- Shopping Bag ( 0 items )
From The CriticsReviewer: Aaron Plattner, MD (Pine Rest Christian Mental Health Services)
Description: This book thoroughly covers the interview of a patient, with a focus on the mental health interview. It details how to ask specific questions, addresses different potential conflicts and/or issues that may arise, explains the different parts of the Mental Status Exam, describes how to communicate findings to others, and suggests how to improve interviewing skills through self-reflection and feedback.
Purpose: The purpose is to provide a baseline foundation and tools for becoming an efficient interviewer as well as providing the basic foundation of the different aspects of the field of mental health.
Audience: Medical, psychology, social work, physician assistant, and other students who are enrolled in classes focused on the mental health are the intended audience.
Features: The book provides detailed explanations and examples of all of the different aspects of interviewing a patient in the context of mental health, as well as explanations of why the different areas are important. Areas include the basic format of an interview, how to perform the interview, how to address different potential conflicts that may arise, different symptoms of various diseases, how to end an interview, how to gather all of the gathered information into a diagnosis, and how to present the information in an efficient way. The appendixes provide detailed examples of the interview process and various examples of types of questions that can be used in an interview.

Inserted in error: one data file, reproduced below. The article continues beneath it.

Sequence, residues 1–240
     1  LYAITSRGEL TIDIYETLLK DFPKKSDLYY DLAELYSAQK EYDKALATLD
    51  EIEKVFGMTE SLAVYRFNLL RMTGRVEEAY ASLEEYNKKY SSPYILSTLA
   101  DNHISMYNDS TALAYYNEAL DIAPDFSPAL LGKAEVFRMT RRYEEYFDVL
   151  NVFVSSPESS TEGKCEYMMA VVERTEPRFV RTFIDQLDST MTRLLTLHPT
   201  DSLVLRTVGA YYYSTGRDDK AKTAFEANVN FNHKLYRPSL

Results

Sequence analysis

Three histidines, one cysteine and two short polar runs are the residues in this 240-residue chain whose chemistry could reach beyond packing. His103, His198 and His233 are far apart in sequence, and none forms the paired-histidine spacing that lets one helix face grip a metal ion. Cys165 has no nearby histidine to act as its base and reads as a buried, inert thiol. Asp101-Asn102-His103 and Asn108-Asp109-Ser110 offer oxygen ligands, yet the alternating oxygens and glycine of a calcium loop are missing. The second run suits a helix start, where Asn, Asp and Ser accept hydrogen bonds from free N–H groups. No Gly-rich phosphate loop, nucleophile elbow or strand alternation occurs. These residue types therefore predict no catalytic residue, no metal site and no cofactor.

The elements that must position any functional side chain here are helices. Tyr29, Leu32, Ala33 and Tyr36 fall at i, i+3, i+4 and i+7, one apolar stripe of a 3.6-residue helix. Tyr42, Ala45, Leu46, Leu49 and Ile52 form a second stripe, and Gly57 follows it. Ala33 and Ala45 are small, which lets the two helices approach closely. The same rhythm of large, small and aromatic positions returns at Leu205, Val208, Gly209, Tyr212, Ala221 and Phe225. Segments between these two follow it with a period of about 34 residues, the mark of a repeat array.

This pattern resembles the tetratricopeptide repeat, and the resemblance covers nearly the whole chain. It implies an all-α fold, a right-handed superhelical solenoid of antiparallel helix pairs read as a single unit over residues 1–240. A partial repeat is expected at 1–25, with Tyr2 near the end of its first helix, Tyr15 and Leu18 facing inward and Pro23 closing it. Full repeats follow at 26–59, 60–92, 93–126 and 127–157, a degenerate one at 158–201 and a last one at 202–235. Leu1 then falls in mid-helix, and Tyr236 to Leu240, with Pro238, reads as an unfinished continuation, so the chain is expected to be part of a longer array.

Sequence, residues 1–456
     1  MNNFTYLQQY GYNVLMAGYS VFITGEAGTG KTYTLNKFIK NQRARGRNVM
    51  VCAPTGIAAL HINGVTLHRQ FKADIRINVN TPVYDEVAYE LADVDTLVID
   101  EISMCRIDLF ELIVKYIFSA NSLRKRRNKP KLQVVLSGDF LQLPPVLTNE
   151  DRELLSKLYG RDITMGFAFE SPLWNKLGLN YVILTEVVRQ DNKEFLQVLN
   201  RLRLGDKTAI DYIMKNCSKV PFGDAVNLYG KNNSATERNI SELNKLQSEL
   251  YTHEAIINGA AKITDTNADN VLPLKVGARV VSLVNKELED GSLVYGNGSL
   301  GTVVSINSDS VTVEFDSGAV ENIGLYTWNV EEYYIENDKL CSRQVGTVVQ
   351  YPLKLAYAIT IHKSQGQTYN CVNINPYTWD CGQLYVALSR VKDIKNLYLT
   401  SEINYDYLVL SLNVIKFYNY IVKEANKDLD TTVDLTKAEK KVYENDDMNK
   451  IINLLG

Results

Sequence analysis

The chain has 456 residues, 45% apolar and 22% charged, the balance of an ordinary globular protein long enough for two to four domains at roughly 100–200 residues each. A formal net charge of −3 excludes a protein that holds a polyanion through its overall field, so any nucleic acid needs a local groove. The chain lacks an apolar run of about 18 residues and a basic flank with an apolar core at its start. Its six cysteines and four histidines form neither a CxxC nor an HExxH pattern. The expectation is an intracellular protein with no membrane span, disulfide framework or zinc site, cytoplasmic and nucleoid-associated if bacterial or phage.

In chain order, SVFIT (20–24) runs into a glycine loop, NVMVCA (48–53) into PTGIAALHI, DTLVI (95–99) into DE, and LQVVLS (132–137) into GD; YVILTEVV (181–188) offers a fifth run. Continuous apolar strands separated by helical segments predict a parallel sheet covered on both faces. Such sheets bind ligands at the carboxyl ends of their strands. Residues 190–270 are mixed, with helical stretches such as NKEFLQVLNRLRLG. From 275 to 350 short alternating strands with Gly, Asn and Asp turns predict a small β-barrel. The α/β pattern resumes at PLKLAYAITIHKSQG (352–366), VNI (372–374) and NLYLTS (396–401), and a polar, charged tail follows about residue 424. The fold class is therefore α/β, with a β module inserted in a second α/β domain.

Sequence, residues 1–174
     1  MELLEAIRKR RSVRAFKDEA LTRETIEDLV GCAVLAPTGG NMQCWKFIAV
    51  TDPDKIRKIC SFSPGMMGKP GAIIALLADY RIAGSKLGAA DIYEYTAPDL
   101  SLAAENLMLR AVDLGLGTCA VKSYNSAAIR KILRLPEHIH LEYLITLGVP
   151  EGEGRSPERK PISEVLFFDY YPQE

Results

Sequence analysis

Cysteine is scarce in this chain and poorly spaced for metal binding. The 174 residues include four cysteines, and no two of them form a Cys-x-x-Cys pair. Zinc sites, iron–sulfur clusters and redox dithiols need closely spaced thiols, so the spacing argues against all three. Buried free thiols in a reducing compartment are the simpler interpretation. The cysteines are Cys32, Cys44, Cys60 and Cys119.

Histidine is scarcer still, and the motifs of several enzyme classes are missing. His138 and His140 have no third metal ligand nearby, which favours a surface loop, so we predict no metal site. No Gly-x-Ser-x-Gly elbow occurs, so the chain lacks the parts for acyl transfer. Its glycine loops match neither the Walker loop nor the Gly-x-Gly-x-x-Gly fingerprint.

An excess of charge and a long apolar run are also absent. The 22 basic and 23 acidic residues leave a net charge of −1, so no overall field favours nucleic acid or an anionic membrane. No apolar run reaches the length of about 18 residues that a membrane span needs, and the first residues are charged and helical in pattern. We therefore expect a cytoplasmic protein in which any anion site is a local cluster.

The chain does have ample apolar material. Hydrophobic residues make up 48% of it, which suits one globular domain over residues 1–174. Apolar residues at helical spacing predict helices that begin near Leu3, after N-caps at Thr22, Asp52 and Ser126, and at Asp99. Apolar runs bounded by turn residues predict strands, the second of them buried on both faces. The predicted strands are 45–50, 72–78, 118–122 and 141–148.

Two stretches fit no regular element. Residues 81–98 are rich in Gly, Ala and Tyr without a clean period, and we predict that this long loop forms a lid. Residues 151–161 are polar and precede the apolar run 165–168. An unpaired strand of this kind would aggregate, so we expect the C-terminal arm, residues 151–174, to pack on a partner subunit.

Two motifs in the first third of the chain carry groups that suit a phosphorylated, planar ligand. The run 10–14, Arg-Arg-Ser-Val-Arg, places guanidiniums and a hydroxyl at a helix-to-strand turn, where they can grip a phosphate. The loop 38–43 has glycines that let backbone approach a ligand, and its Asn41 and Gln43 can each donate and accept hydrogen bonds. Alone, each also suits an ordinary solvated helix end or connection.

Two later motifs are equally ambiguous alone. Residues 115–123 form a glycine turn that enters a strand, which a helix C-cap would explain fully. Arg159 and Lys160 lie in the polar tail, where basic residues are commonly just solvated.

Assessment: When I was starting my patient interviews, I simply read different books on interviews for all areas with specific instructions for each of the different areas of medicine, with the result that psychiatry was covered in one paragraph. With this book, I found it easy to identify with the examples and I appreciated the advice for the more complicated scenarios, including patients who are resistant to an interview. However, as a resident, I feel that this book is much too basic and not necessarily useful for someone trying to hone one's skill. Although this book is ideal for students going into mental health for the first time, this is also a very stressful time for young clinicians and they may find themselves hard pressed to be able to complete it before they are overwhelmed with all the other responsibilities in a rotation. This book could be used by students as they progress through their education.